terest group,etc.) such as the one presented in Table 1 in
Section 6.
 App Maker Tools (R2):There are a number of tools [1,2]
that enable non-programmers to create Android apps.Often
times many apps that are generated by these tools have sim-
ilar app names and the same set of permissions.This occurs
when the developer just uses the default settings in the tool.
We decided to consolidate duplicate apps from the same devel-
oper (R1) into a single instance in the dataset to prevent any single
developer fromhaving a large impact on the generated probabilistic
model.We detect apps due to R1 by looking for instances where
apps belonging to the same developer have the same set of per-
missions.This is a likely indication that developers are uploading
many applications with minor variations in the app content.
We decided to keep apps due to R2 unchanged in the datasets.
We do this because:(1) we observed instances where apps due to
R2 have different functionality and many developers using these
tools do modify the permissions given to their app and (2) the
line between such apps and all apps that use a specific ad-network
which require a certain set of permissions is blurry.
After cleansing is complete we have 71,331 apps in the 2011
market dataset,and 136,534 apps in the 2012 market dataset.This
represents a reduction of around 55%,and demonstrates the preva-
lence of apps that are slight variations of other apps,justifying our
INTERNET
ACCESS_NETWORK_STATE
WRITE_EXTERNAL_STORAGE
READ_PHONE_STATE
ACCESS_FINE_LOCATION
ACCESS_COARSE_LOCATION
VIBRATE
WAKE_LOCK
READ_CONTACTS
ACCESS_WIFI_STATE
CALL_PHONE
CAMERA
RECEIVE_BOOT_COMPLETED
SEND_SMS
WRITE_SETTINGS
RECEIVE_SMS
WRITE_CONTACTS
GET_TASKS
RECORD_AUDIO
READ_SMS
ACCESS_LOCATION_EXTRA
WRITE_SMS
INSTALL_PACKAGES
CHANGE_WIFI_STATE
READ_HISTORY_BOOKMARKS
WRITE_HISTORY_BOOKMARKS
0
20
40
60
80
100
Percent of Apps Requesting Permission

Market2011
Market2012
Malware



(a) The top 20 most used permissions in the datasets as a per-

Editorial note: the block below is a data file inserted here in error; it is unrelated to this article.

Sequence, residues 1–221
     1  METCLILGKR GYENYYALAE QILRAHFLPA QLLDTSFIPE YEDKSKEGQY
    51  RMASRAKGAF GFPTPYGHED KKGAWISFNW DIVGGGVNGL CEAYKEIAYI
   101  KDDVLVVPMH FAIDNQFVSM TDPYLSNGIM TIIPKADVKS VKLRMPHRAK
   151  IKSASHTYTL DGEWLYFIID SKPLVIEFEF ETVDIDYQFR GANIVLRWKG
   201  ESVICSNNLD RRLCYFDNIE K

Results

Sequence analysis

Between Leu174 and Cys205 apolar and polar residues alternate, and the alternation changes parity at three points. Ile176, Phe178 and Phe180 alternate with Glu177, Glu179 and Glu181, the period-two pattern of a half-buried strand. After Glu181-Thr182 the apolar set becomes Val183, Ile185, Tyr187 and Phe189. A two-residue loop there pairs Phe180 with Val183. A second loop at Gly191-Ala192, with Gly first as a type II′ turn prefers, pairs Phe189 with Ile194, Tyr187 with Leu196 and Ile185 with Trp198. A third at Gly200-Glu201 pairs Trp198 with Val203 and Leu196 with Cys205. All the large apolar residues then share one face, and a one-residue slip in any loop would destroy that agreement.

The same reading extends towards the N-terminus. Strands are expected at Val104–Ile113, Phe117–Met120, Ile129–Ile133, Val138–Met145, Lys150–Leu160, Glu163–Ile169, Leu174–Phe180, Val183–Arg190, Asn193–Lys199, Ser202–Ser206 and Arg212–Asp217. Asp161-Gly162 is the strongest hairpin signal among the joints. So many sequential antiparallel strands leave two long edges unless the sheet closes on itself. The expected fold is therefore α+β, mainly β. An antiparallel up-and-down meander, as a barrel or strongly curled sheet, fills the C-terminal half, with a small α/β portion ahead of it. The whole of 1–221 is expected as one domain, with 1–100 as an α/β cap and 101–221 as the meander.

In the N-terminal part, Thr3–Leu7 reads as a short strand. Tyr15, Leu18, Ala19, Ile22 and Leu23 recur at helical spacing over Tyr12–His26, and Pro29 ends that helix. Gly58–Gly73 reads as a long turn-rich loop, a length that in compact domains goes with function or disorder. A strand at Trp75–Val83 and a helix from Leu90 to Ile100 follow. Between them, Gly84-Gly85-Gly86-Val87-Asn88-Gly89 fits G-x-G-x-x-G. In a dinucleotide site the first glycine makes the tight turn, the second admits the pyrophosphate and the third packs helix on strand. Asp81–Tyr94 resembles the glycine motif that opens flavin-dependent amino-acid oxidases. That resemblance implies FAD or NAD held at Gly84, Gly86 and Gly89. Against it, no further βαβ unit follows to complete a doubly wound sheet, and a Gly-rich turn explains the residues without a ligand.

cent of apps that request those permissions.Due to overlap in
the most used permissions,we need to show 26 permissions
to cover the most used in all datasets.21st for Market 2012,
and last 5 for Malware.
0
5
10
15
20
25
0
1
2
3
4
5
6
7
8
9
10
11
12
13
14
15
16
17
18
19
20
21
22
23
24
25
26
27
28
29
Percent of Apps Requesting X permissions
Number of Permissions
Permission Distribution
Market2011
Market2012
Malware
(b) The percent of apps that request a specific number of per-
missions for each dataset.
0
5
10
15
20
25
0
1
2
3
4
5
6
7
8
9
10
11
12
13
14
15
16
17
18
19
20
21
22
23
24
25
26
27
28
29
30
31
Percent of Apps Requesting X permissions
Number of Permissions
Permission Distribution
2011-NoOverlap
2012-NoOverlap
Overlap
(c) The percent of apps that request a specific number of per-
missions in the market datasets.Apps that only appear in
2011,only in 2012,and the intersection of those two datasets
Figure 1:Permission information for various data sets
decision to combine these so as not to allowone developer to overly
influence any model.
For some experiments,we break up market dataset into three
sets.The intersection of the 2011 and 2012 data is called ‘over-
lap’,this contains 38,024 apps which have the same name and per-
missions in the two datasets.Then we have 2011-NoOverlap,the
2011 dataset with this overlap removed,containing 33,307 apps,
and 2012-NoOverlap,the 2012 dataset with this overlap removed,
containing 98,510 apps.
3.3 Dataset Discussion
The top 20 most frequently requested permissions in each
dataset are presented in Figure 1(a).There are 26 permissions
in this table,which represent the top 20 for all 3 datasets.AC-